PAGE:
Nanny Knows Best

Nanny Knows Best
Dedicated to exposing, and resisting, the all pervasive nanny state that is corroding the way of life and the freedom of the people of Britain.

Wednesday, July 08, 2009

Tax Investigation Insurance - Taxwise

Professional Cover Against the Threat of Costly TAX & VAT Investigations

What is TAXWISE?

TAXWISE is a tax-fee protection service that will pay up to £75,000 towards your accountant's fees in the event of an HM Revenue & Customs full enquiry or dispute. The Policy has been designed to combat the costs and inequities of undergoing the ever-increasing number of HM Revenue & Customs random investigations.

Taxwise Coverage

The standard cover provides representation costs by registered accounting practices on your behalf, for up to £75,000 in any one claim, arising from:

-Income Tax Self Assessment full enquiries
-Income Tax Self Assessment aspect enquiries (if this option is selected)
-Corporation Tax Self Assessment full enquiries
-Corporation Tax Self Assessment aspect enquiries (if this option is selected)
-H M Revenue & Customs VAT disputes
-Employer compliance disputes PAYE/ P11D/ NIC
-IR35 disputes
-Now covers business's with an annual turnover of up to £10 million

To find out more, please use this link Taxwise

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  1. Anonymous12:14 PM

    Oh, adverts now? Bye.

  2. Tonk.1:29 PM

    As you know I am not an accountant. Regarding HMRC, does one have to prove innocence or is the main pillar of our justice system, innocent until proven guilty, still adhered to?
    If one is investigated and found innocent, can one claim costs back against HMRC or off set those costs incurred against profits?
    I suspect the latter is not the case otherwise, such an insurance would be pointless!!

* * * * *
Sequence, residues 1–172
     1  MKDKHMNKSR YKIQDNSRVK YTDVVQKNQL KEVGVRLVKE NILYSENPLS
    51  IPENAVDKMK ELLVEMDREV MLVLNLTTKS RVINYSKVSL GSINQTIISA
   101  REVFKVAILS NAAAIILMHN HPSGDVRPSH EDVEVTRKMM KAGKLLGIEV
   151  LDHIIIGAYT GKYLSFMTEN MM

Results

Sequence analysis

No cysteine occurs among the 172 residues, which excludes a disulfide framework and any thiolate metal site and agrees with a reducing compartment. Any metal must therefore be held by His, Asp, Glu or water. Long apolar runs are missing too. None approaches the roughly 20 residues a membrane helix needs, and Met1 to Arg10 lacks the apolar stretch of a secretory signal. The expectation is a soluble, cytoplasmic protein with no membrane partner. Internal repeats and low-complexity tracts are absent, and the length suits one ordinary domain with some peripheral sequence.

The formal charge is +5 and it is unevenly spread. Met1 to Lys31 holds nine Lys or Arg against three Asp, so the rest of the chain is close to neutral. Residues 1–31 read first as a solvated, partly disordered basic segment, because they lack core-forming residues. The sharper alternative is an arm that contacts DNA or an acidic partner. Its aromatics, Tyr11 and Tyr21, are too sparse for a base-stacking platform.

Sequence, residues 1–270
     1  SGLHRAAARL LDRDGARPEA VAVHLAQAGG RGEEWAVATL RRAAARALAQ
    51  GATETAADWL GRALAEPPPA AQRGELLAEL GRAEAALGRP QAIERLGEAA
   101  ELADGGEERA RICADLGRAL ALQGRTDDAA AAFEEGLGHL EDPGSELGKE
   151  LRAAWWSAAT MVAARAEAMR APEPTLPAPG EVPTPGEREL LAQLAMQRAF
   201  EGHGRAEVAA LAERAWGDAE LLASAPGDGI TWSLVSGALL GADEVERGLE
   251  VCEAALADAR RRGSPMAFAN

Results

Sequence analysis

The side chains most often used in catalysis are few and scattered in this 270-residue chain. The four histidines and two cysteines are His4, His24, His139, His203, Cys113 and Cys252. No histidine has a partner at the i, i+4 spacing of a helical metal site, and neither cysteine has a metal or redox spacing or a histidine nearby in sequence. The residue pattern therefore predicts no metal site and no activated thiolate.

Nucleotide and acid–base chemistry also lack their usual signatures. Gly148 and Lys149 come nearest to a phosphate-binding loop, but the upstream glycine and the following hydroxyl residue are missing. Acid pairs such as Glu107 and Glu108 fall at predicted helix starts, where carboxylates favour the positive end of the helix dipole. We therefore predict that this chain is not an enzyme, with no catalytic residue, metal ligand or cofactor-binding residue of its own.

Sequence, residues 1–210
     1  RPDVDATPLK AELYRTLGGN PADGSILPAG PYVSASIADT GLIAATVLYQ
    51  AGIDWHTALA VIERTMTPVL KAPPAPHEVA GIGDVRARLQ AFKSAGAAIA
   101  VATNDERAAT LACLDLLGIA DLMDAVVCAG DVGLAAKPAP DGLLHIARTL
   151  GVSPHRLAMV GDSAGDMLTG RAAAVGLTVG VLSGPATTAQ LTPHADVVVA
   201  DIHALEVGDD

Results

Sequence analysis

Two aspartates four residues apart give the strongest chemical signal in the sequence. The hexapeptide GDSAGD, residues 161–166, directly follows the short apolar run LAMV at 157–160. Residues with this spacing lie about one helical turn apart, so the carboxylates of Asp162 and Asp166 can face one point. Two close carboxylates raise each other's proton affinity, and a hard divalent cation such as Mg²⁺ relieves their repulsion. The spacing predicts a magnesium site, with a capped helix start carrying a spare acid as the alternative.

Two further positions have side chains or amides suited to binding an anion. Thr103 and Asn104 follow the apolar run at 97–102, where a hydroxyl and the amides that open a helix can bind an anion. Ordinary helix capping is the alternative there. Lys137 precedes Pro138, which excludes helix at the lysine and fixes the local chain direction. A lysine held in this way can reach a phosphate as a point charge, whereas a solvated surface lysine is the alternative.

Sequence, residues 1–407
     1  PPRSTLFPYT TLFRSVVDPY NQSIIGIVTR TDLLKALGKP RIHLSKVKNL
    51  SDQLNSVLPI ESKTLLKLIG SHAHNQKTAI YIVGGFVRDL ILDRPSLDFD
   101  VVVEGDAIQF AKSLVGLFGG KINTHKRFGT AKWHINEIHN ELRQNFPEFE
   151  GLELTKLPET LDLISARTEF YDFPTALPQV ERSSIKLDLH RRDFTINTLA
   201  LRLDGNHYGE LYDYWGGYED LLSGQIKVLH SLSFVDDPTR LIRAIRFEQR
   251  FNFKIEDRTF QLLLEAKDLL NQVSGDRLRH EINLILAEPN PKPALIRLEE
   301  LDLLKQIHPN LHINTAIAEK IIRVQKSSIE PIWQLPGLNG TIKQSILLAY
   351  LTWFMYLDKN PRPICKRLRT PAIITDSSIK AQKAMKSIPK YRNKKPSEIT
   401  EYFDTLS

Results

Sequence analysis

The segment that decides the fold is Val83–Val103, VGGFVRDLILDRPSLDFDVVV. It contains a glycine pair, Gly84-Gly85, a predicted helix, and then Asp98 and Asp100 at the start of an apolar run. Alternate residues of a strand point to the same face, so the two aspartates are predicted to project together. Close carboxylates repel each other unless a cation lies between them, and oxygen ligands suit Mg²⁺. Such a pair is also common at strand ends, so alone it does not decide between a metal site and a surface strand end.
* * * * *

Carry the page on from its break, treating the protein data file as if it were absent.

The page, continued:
3. Tonk,

    You need to prove innocence.

    wrt costs, if you win HMRC will allow some costs but not necessarily all (I think).

  4. "adverts now"...don't have a cow...there are 1708 posts on this advert won't kill you!

  5. Strange indeed that in a growing number of legal circumstances we have to prove our innocence instead of our accusers proving us guilty.

    Kafka and Orwell must be spinning in their graves!

  6. I think the need to prove innocence has always been the case with the Taxman and perhaps even more so Customs and Excise going back a very long way.

    A friend of mine tells a story from back in the days of the early computer boom years when many companies came and went bust through over trading. He was a director of such a company and did some work for a client just at the time the company was going under. He became unemployed, found alternative employment and a few years later received a tax demand for a few thousand and an emergency tax code. At that time he did not know what all that was about and the tax man would not tell him why they had made the decisions but suggested if he could prove they demand and code were unreasonable they would review things. It was a couple of years before he was able to put the pieces together and work out what IR were referring to. At which point the IR told him to prove that he had not been paid directly. Basically the transaction had slipped between the cracks of the company's accounts as it ground to a halt.

    In the end the IR allowed that he had not received the money and all was settled but not without a few years of aggravation and excessive tax deductions.

    That similar operational policies are gushing into other areas, notably the Law of the land, is of great concern to those who recognise the changes. Of course most don't, being uninterested. How many FPNs will it take to wake them up?

    Nanny as shepherd. A nice docile flock post education and the BBC effect.